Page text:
Washington thought it could divide Russia & China. But, despite their differences, they're still set on standing up to US hegemony | WHAT REALLY HAPPENED X-Frame-Options: SAMEORIGIN

Washington thought it could divide Russia & China. But, despite their differences, they're still set on standing up to US hegemony

As tensions rise between East and West in the Pacific Ocean, Russian and Chinese warships have together charted a course through the Tsugaru Straits that divide Japan amid large-scale joint exercises between Moscow and Beijing.

The drills, Maritime Interaction 20201, took place in the Sea of Japan earlier this week. Chinese media has instantly proclaimed that the wargames serve as a counterweight to the newly-announced AUKUS pact between Washington, London and Canberra. The trio of nations have agreed to share nuclear submarine technology and strengthen their joint operations as part of growing US-led efforts to encircle and contain China.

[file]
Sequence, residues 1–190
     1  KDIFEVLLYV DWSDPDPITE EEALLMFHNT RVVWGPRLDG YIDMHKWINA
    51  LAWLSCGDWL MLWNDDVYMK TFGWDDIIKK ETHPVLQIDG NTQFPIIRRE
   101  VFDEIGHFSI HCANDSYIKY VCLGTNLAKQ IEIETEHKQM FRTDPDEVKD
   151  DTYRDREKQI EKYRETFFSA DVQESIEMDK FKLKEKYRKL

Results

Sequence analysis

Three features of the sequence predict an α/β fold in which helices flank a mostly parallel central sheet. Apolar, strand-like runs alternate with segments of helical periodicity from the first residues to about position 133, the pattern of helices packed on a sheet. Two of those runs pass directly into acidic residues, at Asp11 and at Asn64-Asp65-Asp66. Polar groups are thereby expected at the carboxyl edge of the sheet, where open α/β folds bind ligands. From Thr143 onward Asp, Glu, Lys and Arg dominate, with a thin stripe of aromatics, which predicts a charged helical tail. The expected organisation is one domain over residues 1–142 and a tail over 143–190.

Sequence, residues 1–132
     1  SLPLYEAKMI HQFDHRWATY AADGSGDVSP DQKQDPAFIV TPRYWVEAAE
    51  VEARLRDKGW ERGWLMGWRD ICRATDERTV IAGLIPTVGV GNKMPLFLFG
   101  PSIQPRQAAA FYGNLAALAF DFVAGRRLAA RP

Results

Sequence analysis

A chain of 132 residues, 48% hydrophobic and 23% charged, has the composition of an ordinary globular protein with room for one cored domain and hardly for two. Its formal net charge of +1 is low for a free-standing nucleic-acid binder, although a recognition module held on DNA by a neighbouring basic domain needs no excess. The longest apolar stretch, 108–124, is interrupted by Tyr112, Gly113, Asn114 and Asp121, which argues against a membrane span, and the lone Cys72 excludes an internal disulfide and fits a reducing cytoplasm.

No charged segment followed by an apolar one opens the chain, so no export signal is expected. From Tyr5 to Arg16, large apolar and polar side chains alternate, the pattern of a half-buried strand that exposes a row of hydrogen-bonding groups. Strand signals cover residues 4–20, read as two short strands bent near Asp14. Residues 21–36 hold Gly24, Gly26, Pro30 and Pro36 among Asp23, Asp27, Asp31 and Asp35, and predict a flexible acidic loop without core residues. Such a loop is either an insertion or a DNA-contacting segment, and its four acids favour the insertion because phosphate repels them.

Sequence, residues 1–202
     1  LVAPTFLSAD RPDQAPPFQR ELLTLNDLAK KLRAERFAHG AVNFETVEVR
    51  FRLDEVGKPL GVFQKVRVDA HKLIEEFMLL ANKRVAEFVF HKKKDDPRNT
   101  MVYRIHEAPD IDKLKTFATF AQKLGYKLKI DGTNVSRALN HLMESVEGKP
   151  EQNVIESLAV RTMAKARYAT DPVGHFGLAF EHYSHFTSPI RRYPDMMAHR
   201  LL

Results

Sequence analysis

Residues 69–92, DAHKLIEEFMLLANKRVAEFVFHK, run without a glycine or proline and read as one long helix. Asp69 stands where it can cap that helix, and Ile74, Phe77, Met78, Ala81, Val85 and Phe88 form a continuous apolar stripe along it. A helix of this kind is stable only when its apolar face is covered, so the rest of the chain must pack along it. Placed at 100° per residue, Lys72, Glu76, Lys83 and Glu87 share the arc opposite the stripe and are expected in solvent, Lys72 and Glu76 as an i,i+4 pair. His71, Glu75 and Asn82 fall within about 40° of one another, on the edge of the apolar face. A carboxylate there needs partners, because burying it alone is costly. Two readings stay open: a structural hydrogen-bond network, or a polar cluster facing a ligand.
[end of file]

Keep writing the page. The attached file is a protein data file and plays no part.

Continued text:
Last week, Russian Foreign Minister Sergey Lavrov reiterated Russia’s position on the increasingly tense question of Taiwan. According to him, Moscow “considers Taiwan to be part of the People’s Republic of China”. He added that “we have proceeded and will proceed from this premise in our foreign policy”. Expanding on that position earlier this month, President Vladimir Putin expressed confidence that China could resolve the Taiwan issue without open conflict.

The rapid fire of commentary from the Kremlin and the increased focus on the Pacific region is no coincidence. There is an important diplomatic message being told: Russia is seeking a closer partnership with China, on a broader range of issues, in the face of policy put forward by US President Joe Biden’s White House.

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